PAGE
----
7. The device of claim 6, wherein the multiplexer cone is characterized as a plurality of multiplexers the outputs of all but one of which only feed data inputs of other multiplexers in the cone.
8. A printed circuit board on which is mounted a programmable logic device as defined in claim 5.
9. The printed circuit board defined in claim 8 further comprising:
memory circuitry mounted on the printed circuit board and coupled to the programmable logic device.
10. The printed circuit board defined in claim 9 further comprising:
processing circuitry mounted on the printed circuit board and coupled to the memory circuitry.
Description
CROSS-REFERENCE TO RELATED APPLICATION

This application claims the benefit under Title 35, United States Code, 119(e), of U.S. Provisional Application No. 60/685,226 filed May 27, 2005.

BACKGROUND OF THE INVENTION

This invention relates to ROMs (Read-Only Memories). More specifically, this invention relates to the use of multiplexers within ROMs.

ROMs typically use multiplexers for implementing the required ROM functions such as basic reading, writing and addressing functions. The multiplexers that are used in ROMs are usually very large binary multiplexers. The very large binary multiplexers are relatively expensive in die area—i.e., they occupy relatively large areas of space on a typical die used in the implementation of semiconductor circuitry of the type used for programmable logic devices (PLDs).

The description herein relates directly to PLDs. Nevertheless, the scope of the description herein should not be considered to be limited to PLDs. Rather, the scope of the descriptions herein extends to any circuitry in which multiplexers are implemented.

FIG. 1 shows an example of a prior art ROM implementation 100. ROM 102 includes 8 addresses 102 of the Read-Only Data that provides 4-bit wide data. The 4-bit wide data is implemented as four 8:1 binary multiplexers 104. Address lines 106 may be used as control lines to dictate the output of multiplexer 104.

In order to implement ROMs using such conventional multiplexer arrangements, commonly-known synthesis tools convert each multiplexer into separate Look-up Tables (LUTs). The following table shows the relative area (as expressed in terms of the estimated number of LUTs that are required to implement the prior art ROM) used by such ROMs.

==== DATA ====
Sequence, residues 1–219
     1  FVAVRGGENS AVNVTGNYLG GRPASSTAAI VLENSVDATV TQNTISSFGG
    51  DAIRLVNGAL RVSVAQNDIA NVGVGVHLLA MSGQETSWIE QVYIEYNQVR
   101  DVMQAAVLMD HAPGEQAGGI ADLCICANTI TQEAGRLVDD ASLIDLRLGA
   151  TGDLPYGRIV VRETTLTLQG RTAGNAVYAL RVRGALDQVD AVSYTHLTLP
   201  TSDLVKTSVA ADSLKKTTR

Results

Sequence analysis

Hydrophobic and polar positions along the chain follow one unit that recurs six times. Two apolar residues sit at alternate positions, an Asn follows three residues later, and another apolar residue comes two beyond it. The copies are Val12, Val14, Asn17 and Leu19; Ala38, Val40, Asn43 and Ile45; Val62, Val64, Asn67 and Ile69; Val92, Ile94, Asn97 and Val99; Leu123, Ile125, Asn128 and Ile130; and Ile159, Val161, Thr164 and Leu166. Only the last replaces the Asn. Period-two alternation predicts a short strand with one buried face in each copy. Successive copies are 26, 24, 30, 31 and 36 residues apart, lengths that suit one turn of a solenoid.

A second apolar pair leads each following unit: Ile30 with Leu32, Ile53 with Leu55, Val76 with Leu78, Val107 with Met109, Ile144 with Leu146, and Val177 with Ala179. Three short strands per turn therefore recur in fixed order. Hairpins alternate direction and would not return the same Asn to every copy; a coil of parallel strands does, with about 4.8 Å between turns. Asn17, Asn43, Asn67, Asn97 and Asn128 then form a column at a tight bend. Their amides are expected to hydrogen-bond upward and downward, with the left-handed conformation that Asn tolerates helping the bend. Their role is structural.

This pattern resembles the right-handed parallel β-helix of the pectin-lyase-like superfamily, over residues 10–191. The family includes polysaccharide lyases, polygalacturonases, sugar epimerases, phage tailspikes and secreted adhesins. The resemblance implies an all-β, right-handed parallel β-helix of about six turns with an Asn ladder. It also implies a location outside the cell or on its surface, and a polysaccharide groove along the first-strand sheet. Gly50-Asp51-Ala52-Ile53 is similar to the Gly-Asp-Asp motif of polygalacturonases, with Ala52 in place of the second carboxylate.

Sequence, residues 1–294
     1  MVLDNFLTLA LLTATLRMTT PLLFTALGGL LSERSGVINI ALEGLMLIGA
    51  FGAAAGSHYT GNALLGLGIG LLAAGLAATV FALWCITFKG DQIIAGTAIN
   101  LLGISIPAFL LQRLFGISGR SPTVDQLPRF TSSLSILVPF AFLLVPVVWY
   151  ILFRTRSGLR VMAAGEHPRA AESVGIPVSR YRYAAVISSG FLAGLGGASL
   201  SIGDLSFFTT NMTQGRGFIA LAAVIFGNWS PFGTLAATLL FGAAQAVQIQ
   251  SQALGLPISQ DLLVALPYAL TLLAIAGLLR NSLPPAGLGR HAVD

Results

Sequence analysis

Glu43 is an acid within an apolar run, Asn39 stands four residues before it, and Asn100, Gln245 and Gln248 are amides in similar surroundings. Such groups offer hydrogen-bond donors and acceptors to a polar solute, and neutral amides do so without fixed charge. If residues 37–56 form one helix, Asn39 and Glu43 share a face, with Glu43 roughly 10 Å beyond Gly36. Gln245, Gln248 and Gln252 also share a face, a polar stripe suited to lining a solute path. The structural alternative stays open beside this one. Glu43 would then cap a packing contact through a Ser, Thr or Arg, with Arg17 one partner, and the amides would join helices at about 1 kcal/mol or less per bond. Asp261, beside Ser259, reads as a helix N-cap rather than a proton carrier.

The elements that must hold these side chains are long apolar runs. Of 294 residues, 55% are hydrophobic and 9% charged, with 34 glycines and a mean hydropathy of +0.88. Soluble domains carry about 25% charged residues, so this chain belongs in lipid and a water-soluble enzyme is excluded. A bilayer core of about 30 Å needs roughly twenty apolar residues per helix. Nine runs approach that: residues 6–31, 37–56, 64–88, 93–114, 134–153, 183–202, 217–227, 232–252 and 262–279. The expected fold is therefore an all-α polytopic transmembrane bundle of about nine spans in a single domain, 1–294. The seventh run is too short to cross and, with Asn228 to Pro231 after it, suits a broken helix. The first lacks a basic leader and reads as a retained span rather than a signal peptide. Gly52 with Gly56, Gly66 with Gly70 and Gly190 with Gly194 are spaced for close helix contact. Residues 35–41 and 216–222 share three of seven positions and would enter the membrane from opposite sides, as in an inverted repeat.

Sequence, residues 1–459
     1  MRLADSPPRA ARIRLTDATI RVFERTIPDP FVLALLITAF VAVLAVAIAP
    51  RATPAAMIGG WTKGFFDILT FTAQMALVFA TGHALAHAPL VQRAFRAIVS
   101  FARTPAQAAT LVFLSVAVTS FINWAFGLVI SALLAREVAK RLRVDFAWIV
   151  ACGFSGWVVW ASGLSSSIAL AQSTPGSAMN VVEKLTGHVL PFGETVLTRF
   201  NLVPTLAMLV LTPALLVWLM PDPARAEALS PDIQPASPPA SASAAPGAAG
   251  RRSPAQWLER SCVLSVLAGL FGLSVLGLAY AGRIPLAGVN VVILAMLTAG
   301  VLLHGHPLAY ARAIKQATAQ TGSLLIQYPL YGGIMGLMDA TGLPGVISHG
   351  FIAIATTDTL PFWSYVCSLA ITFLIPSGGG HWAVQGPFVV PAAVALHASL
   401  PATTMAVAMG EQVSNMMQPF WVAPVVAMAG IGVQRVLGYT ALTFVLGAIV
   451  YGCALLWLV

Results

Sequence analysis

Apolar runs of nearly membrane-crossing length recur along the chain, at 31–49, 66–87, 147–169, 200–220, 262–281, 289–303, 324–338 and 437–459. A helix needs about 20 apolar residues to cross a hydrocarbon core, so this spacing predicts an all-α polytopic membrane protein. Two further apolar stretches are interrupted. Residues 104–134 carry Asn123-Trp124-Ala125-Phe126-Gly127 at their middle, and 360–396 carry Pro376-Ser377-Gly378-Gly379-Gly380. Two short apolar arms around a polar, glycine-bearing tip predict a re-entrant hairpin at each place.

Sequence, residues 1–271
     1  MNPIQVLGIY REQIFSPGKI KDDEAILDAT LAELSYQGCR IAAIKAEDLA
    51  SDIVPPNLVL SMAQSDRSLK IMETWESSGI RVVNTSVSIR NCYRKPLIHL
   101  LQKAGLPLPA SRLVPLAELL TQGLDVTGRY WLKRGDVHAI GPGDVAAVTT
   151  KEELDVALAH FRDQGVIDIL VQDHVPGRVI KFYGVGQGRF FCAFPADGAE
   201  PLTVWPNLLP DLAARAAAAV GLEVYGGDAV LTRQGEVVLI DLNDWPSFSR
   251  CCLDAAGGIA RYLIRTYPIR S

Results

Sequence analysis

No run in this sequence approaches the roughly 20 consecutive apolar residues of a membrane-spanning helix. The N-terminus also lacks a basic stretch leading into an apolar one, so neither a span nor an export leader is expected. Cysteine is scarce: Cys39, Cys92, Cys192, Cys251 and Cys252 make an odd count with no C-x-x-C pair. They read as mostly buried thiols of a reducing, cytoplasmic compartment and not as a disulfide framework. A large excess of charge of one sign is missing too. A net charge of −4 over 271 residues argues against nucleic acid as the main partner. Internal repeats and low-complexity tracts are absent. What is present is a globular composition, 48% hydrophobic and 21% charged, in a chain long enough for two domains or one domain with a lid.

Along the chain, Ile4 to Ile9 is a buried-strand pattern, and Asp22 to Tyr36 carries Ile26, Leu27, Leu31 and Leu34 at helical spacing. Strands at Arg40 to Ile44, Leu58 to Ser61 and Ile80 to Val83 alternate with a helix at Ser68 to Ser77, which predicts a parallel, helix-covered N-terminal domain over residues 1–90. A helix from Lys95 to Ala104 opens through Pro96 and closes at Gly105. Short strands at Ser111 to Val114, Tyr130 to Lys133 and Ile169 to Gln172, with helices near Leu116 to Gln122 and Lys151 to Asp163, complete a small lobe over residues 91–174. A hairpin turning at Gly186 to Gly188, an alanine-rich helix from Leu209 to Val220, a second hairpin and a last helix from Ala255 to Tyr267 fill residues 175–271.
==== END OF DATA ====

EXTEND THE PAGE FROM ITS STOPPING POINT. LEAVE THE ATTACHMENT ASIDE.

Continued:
Number of Area Estimate in
Data Width Data Words 4-input LUTs
 8 bits 32 24
16 bits 32 60
16 bits 64 111
32 bits 128 447

It can be seen from the foregoing table that the relative area cost depends on the size and type of ROM being implemented. The area estimates were calculated by synthesizing ROMs of the described sizes filled with randomly-generated data. Synthesis was performed using a proprietary software package of Altera Corporation of San Jose, Calif.

In view of the significant area cost associated with ROMs that use large multiplexers, it would be desirable to provide alternative synthesis systems and methods for implementing ROMs that use less multiplexers than conventional ROMs.

It would also be desirable to re-use multiplexers under certain conditions and in certain implementations of ROMs instead of converting each multiplexer into Look-up Tables separately.

SUMMARY OF THE INVENTION

It is an object of the invention to provide alternative synthesis systems and methods for implementing ROMs that use fewer multiplexers than conventional ROMs.

It is a further object of the invention to re-use multiplexers under certain conditions and in certain implementations of ROMs.

A method for reducing the die area occupied by an electronic circuit comprising a plurality of multiplexers is provided. In one embodiment of the invention, the method includes identifying two multiplexers in a design of the electronic circuit from the plurality of multiplexers. The two multiplexers preferably receive identical data inputs and are not used by the electronic circuit to provide outputs during the same clock cycle. Furthermore, the method includes modifying the design of the electronic circuit to merge the two multiplexers into a merged multiplexer.

BRIEF DESCRIPTION OF THE DRAWINGS

The above and other advantages of the invention will be more apparent upon consideration of the following detailed description, taken in conjunction with the accompanying drawings, in which like reference characters refer to like parts throughout, and in which:

FIG. 1 shows a schematic diagram of a prior art group of multiplexers for use in a ROM or portions thereof;